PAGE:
Stanley Johnson sure doesn’t look 19 and rarely does he speak like the college sophomore he’d be if not for landing a pretty nice full-time job already. He’s been mature beyond his years for … well, years. But he had to grow up a little more in a life’s-not-fair moment earlier this month when he lost his mother, Karen Taylor, to cancer.
“It’s been tough,” he said Thursday after a workout at the Pistons practice facility. “I had a couple of family things going on, but I’m a professional. I have a job. So I handle my family stuff. I got a lot of help, as well. That’s something that will always be, the rest of my life, but I’m doing my job now. It is what it is.”
Johnson’s relationship with Andre Drummond dates to their AAU basketball days and that’s deepened since the June draft. The two trained together, along with Pistons second-rounder Darrun Hilliard, at Peak Performance Project in Santa Barbara, Calif., this summer. Drummond has invited Johnson to move in with him for his rookie season.
“It’s unique,” he said of their relationship. “I’ve known Andre for a while and to be on the same team is almost kind of weird. It’s like, look where life has taken us. He wants me to live with him this year, so that should be interesting to see what happens there. That’s one of my really good friends.”
Though training camp doesn’t start until late September, Johnson won’t lack for a circle of support anytime soon. He’s been working out at the practice facility all week with Hilliard, Adonis Thomas and Spencer Dinwiddie. Drummond has also been in town this week, while Aron Baynes is working out though not yet cleared for basketball work as he recovers from a minor cleanup procedure on his ankle.
At the end of the month, virtually the entire team will gather in Las Vegas for a bonding exercise centered on MMA training. For the next three weeks leading to camp, they’ll be together working out in Auburn Hills.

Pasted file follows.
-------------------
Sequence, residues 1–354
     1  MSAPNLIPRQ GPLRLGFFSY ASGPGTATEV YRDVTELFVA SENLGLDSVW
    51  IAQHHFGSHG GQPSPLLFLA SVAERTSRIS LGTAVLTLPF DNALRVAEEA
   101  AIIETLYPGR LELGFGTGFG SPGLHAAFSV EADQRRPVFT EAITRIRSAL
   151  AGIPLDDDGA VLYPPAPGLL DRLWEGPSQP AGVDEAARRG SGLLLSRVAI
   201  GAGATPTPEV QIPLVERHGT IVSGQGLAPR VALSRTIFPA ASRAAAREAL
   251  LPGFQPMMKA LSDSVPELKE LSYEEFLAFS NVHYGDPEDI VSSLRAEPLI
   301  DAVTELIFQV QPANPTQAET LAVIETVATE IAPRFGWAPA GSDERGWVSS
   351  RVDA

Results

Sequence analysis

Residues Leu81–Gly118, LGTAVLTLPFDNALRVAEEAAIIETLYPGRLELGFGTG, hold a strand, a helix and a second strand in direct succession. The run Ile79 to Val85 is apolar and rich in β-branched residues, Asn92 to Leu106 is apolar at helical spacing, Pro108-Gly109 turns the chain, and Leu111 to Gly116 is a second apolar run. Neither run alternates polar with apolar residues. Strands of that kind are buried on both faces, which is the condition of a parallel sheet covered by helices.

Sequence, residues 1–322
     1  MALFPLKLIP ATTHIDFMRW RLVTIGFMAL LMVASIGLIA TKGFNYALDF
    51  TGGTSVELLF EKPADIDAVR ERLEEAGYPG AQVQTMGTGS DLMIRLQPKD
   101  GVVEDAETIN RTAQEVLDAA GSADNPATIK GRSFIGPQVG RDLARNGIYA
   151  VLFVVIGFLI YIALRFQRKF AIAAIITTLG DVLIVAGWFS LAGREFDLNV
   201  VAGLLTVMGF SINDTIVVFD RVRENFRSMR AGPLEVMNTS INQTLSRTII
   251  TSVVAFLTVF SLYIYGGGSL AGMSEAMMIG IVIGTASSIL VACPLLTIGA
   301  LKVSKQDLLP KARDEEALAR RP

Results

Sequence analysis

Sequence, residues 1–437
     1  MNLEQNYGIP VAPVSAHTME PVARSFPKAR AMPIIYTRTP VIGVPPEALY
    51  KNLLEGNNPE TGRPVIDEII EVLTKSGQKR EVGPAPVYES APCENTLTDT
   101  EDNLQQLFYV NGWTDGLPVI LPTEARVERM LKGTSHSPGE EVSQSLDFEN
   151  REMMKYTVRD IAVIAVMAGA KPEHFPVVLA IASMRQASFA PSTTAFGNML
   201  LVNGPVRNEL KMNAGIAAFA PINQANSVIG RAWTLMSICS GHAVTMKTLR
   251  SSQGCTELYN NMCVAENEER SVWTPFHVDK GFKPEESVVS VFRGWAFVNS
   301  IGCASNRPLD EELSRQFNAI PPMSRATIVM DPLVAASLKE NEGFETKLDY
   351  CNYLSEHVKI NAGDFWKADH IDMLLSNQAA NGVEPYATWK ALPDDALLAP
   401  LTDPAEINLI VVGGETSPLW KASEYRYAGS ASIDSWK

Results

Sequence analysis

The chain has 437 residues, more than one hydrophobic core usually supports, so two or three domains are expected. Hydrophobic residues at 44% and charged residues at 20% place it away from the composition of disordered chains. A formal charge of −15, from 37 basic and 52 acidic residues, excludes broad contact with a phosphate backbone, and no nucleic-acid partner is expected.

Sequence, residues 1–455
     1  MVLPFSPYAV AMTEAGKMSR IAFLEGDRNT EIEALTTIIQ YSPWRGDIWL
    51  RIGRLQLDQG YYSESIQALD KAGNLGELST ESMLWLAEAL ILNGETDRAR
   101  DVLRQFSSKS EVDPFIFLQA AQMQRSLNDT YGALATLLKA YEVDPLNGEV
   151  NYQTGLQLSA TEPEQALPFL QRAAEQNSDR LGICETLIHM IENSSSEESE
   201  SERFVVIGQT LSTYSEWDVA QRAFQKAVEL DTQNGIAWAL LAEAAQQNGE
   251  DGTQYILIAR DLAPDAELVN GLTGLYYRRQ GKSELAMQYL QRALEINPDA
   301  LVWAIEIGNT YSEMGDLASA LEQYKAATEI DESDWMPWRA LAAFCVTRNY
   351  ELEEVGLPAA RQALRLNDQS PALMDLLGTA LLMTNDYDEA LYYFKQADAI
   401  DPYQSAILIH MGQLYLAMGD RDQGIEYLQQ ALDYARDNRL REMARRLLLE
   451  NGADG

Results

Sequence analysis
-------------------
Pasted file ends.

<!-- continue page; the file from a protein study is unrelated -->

Johnson has built off of his exceptional Summer League performance, working on his shot with new Pistons shooting coach Dave Hopla and on his body at the Santa Barbara-based P3.
“They create machines out there,” Johnson said of his time at P3. “I had some problems with my trunk and I feel like I’m jumping way higher just from the six weeks I was with them. I did two extra to tighten things up. I think I got better every time I went out there.”
Johnson scoffed at his ranking as the best rookie in Orlando or Las Vegas according to NBA.com – “everybody needs a story,” he said – but seemed to put a little more stock in the survey of rookies conducted at the NBA-mandated orientation they attended earlier this month.
Johnson was voted No. 2 in Rookie of the Year balloting to Jahlil Okafor, No. 5 in which rookie will have the best career and No. 2 in best defender.
“We actually voted on stuff like that,” he said. “That’s the respect we have in our class. I thought it was more of a private thing, but I guess it went public. That has nothing to do with what’s right or wrong, it’s just the respect you have among your class. To have that respect among your class means a lot to me.”
Johnson wasn’t shy about proclaiming himself best in class at the NBA draft combine in May, which reflects his boundless confidence more than braggadocio. He’s equally bullish on his team’s prospects.
“People say, ‘Our goal is to make the playoffs.’ We’re trying to win the championship,” Johnson said. “That should be every team’s goal. If you go into the season trying to win a playoff game or get to the playoffs, I think you’re holding yourself short. No one’s fighting for eighth place. I’ve been working out all summer. Andre’s been doing the same. A lot of guys have been doing the same. We know we’re not doing it to finish last. We’re trying to finish first.”